Willpower, free will, and New Year’s resolutions

Henry Ford Quote from schlueter7
(in Flickr CC, April 20011)

I’m not a great pronouncer of New Year’s resolutions, but it’s impossible for me not to see Jan. 1 as a date for turning over several new, healthier leaves. I usually decide to use this date like a starting gun signalling the beginning of a marathon

to try to lose weight, walk every day, stop procrastinating, and clean up a host of unfinished tasks. Invariably, I end up finding that just thinking about these things makes me too tired to follow through when the time comes. In past I put this down to poor self-control. I gave up after a couple of weeks, but vowed to try again in the spring.

This year I’ve discovered some good news about my failure to persevere: it’s not me!!! Well it is, but it’s not due to some character deficiency. It’s the way my brain is hardwired. There’s neuroscience research to explain my repeated failures in the willpower department.  Apparently, the very act of trying to stick to my resolutions sets up the conditions for failure.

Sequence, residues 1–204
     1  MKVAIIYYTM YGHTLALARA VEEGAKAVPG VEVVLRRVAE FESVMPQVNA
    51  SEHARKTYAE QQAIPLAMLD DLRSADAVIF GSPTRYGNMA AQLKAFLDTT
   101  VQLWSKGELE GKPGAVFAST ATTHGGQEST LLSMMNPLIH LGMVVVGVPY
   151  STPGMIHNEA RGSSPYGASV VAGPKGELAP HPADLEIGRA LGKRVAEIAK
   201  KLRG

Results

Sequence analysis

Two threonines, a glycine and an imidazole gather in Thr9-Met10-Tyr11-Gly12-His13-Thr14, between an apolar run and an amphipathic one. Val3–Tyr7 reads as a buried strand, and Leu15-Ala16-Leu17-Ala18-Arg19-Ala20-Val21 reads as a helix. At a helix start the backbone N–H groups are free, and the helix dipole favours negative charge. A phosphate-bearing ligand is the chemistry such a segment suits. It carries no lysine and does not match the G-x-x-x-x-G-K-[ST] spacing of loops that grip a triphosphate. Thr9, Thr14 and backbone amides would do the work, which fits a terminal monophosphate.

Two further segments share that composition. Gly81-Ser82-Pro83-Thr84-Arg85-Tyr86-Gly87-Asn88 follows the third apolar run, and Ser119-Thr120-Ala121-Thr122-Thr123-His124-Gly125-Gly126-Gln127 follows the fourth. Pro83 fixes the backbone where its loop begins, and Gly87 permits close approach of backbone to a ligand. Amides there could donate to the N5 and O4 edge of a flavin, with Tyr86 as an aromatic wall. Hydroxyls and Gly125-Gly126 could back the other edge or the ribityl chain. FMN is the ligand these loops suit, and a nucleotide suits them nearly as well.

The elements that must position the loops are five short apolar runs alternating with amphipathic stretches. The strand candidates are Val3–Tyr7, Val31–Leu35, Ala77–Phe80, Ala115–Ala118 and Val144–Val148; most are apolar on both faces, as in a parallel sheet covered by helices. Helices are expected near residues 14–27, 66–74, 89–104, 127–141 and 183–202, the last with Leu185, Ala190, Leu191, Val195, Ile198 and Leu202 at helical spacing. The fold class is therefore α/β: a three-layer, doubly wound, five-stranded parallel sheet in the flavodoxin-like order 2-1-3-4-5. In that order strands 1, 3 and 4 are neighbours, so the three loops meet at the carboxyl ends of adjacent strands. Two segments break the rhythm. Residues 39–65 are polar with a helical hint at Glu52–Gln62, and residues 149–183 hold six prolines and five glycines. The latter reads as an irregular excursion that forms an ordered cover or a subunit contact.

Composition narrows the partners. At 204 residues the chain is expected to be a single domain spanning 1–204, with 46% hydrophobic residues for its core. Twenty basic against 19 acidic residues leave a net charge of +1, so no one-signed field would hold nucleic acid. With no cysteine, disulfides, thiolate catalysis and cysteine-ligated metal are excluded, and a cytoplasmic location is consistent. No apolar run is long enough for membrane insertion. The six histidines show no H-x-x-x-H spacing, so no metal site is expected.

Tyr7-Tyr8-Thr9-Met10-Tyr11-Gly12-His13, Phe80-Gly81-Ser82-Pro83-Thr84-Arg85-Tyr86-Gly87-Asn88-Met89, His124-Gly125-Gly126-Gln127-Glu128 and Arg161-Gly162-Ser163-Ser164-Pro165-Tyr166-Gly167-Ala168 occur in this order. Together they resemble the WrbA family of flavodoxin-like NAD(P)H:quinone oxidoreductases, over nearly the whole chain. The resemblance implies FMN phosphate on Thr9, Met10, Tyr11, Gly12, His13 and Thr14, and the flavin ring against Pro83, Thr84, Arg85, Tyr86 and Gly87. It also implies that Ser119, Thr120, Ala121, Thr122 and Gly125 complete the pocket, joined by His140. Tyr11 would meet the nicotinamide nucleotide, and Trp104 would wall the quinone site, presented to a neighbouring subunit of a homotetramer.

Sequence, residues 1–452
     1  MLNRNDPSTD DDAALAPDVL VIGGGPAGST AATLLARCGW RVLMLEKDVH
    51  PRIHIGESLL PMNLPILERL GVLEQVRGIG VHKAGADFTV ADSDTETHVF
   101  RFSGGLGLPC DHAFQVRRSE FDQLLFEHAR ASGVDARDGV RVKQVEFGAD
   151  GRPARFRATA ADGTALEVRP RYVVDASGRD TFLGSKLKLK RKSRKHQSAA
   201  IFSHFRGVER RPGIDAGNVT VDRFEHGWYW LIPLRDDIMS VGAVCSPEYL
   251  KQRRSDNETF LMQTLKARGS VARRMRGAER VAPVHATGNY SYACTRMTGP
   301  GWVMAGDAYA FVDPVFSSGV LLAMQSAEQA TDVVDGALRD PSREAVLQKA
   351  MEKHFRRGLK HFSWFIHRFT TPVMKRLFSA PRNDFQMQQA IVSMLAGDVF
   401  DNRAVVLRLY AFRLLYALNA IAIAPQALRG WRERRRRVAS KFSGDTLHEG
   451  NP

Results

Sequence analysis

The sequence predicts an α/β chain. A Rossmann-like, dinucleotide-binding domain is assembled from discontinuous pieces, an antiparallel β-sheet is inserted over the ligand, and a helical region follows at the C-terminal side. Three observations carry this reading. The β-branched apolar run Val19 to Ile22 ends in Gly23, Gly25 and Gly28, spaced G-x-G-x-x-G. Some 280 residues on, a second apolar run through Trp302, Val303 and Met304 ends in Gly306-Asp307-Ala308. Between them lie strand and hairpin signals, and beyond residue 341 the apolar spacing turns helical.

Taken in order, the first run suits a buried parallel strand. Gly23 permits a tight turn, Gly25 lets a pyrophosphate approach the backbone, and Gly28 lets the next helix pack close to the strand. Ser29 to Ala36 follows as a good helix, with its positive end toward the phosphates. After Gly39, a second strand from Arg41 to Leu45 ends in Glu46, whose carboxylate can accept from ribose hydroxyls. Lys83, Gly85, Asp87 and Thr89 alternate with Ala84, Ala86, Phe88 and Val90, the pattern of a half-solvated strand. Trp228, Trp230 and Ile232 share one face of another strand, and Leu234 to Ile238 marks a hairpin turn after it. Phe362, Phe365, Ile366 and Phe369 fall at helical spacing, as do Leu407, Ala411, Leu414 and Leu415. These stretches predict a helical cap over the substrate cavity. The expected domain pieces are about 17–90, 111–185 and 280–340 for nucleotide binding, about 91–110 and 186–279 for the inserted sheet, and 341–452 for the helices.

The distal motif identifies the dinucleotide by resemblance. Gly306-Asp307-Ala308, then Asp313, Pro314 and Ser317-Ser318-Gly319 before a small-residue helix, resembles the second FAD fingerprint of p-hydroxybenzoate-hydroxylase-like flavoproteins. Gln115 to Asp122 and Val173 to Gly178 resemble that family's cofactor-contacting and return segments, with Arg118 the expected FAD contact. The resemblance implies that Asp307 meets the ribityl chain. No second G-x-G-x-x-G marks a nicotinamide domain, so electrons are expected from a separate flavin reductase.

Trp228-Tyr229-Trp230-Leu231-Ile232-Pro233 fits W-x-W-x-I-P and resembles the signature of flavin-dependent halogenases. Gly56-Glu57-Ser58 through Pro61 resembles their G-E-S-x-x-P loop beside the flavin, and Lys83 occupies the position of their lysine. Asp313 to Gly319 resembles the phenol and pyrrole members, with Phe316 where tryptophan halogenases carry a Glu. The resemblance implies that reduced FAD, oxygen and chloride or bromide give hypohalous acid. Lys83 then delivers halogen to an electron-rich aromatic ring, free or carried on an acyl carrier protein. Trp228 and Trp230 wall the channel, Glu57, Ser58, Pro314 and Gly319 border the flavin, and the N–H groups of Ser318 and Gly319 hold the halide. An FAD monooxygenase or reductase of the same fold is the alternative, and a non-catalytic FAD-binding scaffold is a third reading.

Pie Extravagnaza from robstephaustralia (in Flickr CC Attribution 2009)

First, it seems that exerting willpower sucks up a lot of glucose.

From Dr. Kelly McGonigal at Stanford (2012)

“The mind-body response of exerting willpower literally fatigues us (Tice et al. 2007). … Trying to control one’s thoughts decreases muscle endurance (Bray et al. 2008).

… Simple acts of self-control both require and lower blood glucose levels.” If asked to perform 2 successive tasks requiring self control, participants performed significantly worse on the second one unless “given a sugary drink between tasks (replenishing their blood glucose levels).”